Recently, I linked to a blog post by Jonathan Brown where he outlines why he thinks Paul wrote the Epistle to the Romans. It inspired me to do the same, but in less space. I thought it would be a useful to do an exercise where I condense my answer into two paragraphs or less. This is my answer and I’d like to hear yours as well:
The Jewish-Gentile division in the church of Rome threatened the stability of Paul’s mission to Spain. In order to secure support from the Roman Christians he had to realign their allegiances. He decides to approach the problem by reshaping their self-identities around their Christ-identity. In order to do this he must convince his readers that all–Jew and Gentile–were once part of the old, Adamic humanity but now those who are Christians–Jew and Gentile–are part of the new, Messianic humanity.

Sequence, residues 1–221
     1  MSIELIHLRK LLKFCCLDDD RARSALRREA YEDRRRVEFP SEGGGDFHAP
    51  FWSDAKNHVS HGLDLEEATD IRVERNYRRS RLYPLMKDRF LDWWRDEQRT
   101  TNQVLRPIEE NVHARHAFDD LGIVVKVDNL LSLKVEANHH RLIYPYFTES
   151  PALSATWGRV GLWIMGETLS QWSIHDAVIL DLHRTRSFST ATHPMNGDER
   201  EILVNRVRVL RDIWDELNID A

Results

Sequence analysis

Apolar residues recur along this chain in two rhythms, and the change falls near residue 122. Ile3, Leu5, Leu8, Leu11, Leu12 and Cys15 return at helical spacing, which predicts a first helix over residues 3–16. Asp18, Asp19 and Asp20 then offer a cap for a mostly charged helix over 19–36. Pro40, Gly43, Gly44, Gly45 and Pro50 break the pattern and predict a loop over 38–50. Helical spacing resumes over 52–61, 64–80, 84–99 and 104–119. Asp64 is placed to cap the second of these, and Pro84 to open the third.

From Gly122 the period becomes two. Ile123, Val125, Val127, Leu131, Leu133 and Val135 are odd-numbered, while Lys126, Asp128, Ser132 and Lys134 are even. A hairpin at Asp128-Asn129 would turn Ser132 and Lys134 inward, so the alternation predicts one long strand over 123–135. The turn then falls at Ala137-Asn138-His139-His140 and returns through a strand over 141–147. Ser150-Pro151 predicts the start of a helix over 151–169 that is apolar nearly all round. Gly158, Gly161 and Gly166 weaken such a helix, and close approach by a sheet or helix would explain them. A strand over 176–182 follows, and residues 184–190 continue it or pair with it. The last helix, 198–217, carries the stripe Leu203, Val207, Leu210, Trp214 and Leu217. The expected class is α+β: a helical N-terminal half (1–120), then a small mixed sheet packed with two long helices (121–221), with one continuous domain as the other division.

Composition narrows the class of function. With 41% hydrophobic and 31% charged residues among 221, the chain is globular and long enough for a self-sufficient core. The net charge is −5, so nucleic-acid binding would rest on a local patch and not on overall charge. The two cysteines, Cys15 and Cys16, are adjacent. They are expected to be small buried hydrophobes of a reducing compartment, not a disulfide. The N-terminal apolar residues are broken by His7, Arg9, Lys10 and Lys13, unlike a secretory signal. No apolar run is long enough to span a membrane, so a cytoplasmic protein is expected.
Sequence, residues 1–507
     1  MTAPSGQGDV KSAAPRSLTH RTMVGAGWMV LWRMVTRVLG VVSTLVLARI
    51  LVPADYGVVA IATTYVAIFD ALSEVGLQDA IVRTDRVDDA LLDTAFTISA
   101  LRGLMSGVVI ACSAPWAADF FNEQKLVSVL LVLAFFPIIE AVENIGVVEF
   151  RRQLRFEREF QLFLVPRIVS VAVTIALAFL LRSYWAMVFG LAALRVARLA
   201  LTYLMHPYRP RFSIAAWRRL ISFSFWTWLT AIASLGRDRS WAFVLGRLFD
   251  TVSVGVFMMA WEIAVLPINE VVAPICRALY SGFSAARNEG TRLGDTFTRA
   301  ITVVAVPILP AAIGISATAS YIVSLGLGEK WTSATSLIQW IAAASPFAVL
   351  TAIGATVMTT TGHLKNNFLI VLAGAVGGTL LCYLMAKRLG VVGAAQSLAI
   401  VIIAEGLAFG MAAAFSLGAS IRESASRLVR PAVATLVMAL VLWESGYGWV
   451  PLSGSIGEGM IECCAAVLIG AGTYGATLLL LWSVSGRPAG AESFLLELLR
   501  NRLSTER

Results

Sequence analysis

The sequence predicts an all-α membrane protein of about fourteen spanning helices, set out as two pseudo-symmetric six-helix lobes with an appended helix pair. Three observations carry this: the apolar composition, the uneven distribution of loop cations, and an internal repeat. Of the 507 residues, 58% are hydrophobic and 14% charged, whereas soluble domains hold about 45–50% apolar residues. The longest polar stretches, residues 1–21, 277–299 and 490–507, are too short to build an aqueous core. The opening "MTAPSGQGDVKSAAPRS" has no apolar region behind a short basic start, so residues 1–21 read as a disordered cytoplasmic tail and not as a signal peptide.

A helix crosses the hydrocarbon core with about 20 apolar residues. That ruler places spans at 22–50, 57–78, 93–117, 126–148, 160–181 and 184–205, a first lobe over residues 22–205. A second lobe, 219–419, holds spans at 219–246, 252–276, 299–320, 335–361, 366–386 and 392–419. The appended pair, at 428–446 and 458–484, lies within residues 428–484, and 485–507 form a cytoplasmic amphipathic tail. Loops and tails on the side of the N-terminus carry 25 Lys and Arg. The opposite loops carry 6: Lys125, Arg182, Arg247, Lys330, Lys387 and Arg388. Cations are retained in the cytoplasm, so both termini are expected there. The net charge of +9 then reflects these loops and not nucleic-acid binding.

This epistle addresses the Adamic problem including Jews and Gentiles. Paul uses this problem to show the glory of the salvation found in those who have followed Abraham’s model of faith which is now encapsulated in those who call Christ “Lord”. This leads to an exhortation to live as people who are part of the new humanity which includes everything from not being a slave to sin to obeying the government that God currently has in power. The goal is to make sure that the readers walk away seeing themselves as this new people in order to relieve the tensions between their old Jewish-Gentile identities.
Is a bit vague, sure? I still think it is a useful exercise. What would you say differently?